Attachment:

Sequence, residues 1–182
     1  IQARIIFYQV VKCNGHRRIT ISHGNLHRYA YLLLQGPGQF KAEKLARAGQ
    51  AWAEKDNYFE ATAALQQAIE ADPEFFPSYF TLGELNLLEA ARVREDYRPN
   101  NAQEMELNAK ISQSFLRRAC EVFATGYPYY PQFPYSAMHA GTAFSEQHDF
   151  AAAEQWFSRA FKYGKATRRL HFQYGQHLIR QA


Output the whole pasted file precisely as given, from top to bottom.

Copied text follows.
Sequence, residues 1–182
     1  IQARIIFYQV VKCNGHRRIT ISHGNLHRYA YLLLQGPGQF KAEKLARAGQ
    51  AWAEKDNYFE ATAALQQAIE ADPEFFPSYF TLGELNLLEA ARVREDYRPN
   101  NAQEMELNAK ISQSFLRRAC EVFATGYPYY PQFPYSAMHA GTAFSEQHDF
   151  AAAEQWFSRA FKYGKATRRL HFQYGQHLIR QA